The name gets it right: Very Good Falafel has easily the finest in town — bright green and chunky on the inside, crisp on the outside. Friends Shuki Rosenboim and Louisa Allan grew their business from a temporary stall at local markets to a permanent shop a few years ago. However, sometimes they still stuff pita at the University of Melbourne farmers market. The cute Brunswick storefront is seemingly always packed with young people in search of a quick bite, maybe a crisp salad, velvety hummus, or sabich bursting with eggplant — and falafel, always. If you like heat, ask for an extra zhug, house-made and loaded with cilantro and green chile. 

All Are Welcome

After working as a pastry chef in Napa Valley's three-Michelin-starred Restaurant at Meadowood, Boris Portnoy moved to Australia for a change of pace. His community-focused bakery, All Are Welcome, is located in a converted Christian Science Reading Room in the hip neighbourhood of Northcote. Viennoiseries go way beyond the classic croissant — expect to find Bostock piled with fruit, gooey chocolate babka, and a fancy spin on the Georgian khachapuri. During the colder months, don't pass up a slice of the medovnik, an impressive 10-layer Slavic honey-and-buttercream cake. 

Babajan Eatery

In Melbourne, you can eat just as well during brunch as you can at dinner, maybe better — and Babajan is proof. This place is tiny but mighty. Chef-owner Kirsty Chiaplias puts all her effort into making her soulful, Turkish-inspired brunch fare from scratch. In the morning, the menemen (a baked egg dish with spiced tomato sauce and pistachio dukkah) and the lahmacun (flatbread topped with spiced ground lamb, tomato, pickled chile, onions, and parsley) are favourites. Later in the day, fish, salads, and hummus continue to satisfy. Then, on a sunny day, get one of the sidewalk tables. Expect a wait; coffee and a house-made pide or simit should ease the pangs.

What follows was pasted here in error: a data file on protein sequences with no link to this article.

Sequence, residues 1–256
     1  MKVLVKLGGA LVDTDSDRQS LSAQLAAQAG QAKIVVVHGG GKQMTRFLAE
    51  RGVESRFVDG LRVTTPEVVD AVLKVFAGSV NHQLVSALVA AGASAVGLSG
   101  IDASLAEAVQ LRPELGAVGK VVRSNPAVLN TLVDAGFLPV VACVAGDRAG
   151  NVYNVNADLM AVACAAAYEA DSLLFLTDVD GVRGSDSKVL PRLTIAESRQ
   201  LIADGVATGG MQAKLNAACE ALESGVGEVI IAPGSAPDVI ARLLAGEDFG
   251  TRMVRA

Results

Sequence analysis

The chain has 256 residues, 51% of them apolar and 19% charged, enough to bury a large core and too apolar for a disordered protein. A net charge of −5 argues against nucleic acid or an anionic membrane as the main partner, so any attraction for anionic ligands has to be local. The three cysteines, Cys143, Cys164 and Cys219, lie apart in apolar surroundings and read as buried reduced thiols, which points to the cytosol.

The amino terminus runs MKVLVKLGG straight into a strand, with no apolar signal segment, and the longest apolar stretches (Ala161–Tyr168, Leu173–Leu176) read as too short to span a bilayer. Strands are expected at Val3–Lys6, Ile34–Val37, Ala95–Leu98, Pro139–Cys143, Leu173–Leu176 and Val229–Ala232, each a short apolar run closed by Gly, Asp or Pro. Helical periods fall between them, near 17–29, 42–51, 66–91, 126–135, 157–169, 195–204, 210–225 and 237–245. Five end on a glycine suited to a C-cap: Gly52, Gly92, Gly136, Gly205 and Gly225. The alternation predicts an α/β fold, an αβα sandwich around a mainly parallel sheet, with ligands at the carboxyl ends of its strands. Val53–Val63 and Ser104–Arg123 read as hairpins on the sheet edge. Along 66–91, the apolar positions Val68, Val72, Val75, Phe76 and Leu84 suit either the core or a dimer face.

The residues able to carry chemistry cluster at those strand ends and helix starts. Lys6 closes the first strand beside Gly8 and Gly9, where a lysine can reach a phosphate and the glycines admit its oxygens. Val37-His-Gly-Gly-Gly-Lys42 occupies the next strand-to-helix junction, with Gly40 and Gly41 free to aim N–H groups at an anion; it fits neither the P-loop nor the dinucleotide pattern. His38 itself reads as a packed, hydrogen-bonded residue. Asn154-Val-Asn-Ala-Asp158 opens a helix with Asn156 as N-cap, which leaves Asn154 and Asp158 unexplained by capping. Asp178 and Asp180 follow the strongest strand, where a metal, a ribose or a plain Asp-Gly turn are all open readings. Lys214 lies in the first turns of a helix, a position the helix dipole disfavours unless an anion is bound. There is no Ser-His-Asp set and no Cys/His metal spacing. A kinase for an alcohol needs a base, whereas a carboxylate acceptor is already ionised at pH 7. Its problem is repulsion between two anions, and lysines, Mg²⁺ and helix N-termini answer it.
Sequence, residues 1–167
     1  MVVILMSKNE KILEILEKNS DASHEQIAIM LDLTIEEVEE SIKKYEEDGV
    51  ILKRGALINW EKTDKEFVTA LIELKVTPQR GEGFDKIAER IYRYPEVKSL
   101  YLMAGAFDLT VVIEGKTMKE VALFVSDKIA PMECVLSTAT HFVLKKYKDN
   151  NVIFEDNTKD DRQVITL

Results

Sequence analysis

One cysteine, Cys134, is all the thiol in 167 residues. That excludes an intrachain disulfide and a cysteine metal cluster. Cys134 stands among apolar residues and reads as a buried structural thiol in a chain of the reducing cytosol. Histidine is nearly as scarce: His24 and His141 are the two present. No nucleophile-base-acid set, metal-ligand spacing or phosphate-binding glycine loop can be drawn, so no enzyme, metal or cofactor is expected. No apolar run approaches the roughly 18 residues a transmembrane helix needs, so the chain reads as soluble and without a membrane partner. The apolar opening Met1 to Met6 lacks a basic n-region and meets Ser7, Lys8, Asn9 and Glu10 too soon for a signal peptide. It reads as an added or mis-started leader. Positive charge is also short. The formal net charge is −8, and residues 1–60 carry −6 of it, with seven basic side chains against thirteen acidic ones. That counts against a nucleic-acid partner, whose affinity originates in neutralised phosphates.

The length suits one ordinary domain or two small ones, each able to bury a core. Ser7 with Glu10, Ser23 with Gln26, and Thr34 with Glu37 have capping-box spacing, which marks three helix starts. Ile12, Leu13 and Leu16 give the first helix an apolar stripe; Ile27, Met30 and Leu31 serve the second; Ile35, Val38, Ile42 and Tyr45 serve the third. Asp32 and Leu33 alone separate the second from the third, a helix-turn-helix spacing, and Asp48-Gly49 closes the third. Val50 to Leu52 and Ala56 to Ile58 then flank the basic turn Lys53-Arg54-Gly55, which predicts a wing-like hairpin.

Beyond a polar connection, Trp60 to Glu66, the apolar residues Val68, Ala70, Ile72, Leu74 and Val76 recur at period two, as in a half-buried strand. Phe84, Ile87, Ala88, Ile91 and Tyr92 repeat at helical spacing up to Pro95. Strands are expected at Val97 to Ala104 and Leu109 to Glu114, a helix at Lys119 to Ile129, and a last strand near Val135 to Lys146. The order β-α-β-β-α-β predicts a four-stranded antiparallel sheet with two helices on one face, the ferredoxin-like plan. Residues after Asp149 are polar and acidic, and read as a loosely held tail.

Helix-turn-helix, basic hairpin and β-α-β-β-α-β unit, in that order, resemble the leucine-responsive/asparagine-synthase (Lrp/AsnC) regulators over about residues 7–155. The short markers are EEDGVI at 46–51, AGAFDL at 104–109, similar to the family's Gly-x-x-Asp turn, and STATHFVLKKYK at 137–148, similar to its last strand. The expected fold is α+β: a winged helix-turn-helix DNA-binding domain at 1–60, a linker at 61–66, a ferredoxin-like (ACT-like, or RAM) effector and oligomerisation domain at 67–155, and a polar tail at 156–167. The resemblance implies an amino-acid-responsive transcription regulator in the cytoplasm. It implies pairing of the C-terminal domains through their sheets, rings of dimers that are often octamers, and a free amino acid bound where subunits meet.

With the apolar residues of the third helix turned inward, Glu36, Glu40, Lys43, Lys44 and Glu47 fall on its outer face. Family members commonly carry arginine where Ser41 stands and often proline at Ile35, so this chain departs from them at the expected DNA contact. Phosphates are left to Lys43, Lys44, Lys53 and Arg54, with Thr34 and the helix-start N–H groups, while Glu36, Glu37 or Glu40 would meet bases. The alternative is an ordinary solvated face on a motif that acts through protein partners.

Napier Quarter

Napier Quarter is the kind of place that will have you considering a move to the buzzy and leafy Fitzroy area. The tiny neighbourhood gem transforms from an espresso bar in the morning to a wine bar in the afternoon. To match a mostly Australian wine list, chef Eileen Horsnell creates inspired dishes with carefully selected local ingredients like heirloom carrots and Bass Strait octo.

Carlton Wine Room

Wine bars are having a moment in Melbourne, and Carlton Wine Room is one of the best. Now led by a team of hospitality superstars (vets of Marion, Cutler & Co., and Coda), this popular haunt has a comfortable dining room with banquettes upstairs and a lively bar downstairs. The menu leans European dishes like duck and pork croquettes, tripe and cuttlefish gratin, and classic rum baba. The revolving wine list satisfies both lovers of traditional drops and offbeat natural ones. In addition, Melbourne's beloved arthouse Cinema Nova is just around the corner for a perfect date-night pairing.

Kalimera Souvlaki Art

Pita-wrapped, french fry-stuffed lamb souvlaki is Australia's favourite late-night snack. Still, Oakleigh's Kalimera Souvlaki Art is all about the traditional spit-roasted pork that owners Thomas Deliopoulos and Sylvia Gabriel pack into a chargrilled pita along with onions, tomatoes, tzatziki, paprika, and fries — always fries. Attica's Ben Shewry is a vocal fan of the pork platter here.


Melbourne is a haven for food-obsessed travellers, known for its cool city laneways, graffiti-filled streetscapes, and rooftop bars. There's an elaborate sense of hospitality and food culture that stems from a history of immigrants setting down roots in the city, including people of Vietnamese, Chinese, Indian, Japanese

Scroll to Top